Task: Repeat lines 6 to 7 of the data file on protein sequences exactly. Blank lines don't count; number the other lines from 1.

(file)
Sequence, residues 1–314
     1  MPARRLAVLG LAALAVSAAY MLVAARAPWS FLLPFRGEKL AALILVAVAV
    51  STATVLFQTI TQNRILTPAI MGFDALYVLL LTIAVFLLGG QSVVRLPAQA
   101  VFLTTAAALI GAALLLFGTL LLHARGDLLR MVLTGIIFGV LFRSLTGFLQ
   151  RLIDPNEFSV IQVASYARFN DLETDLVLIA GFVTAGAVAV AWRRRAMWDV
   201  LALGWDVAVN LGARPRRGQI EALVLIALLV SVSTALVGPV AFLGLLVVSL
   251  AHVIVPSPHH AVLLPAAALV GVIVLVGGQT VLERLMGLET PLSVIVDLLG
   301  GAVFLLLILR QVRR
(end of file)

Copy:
   201  LALGWDVAVN LGARPRRGQI EALVLIALLV SVSTALVGPV AFLGLLVVSL
   251  AHVIVPSPHH AVLLPAAALV GVIVLVGGQT VLERLMGLET PLSVIVDLLG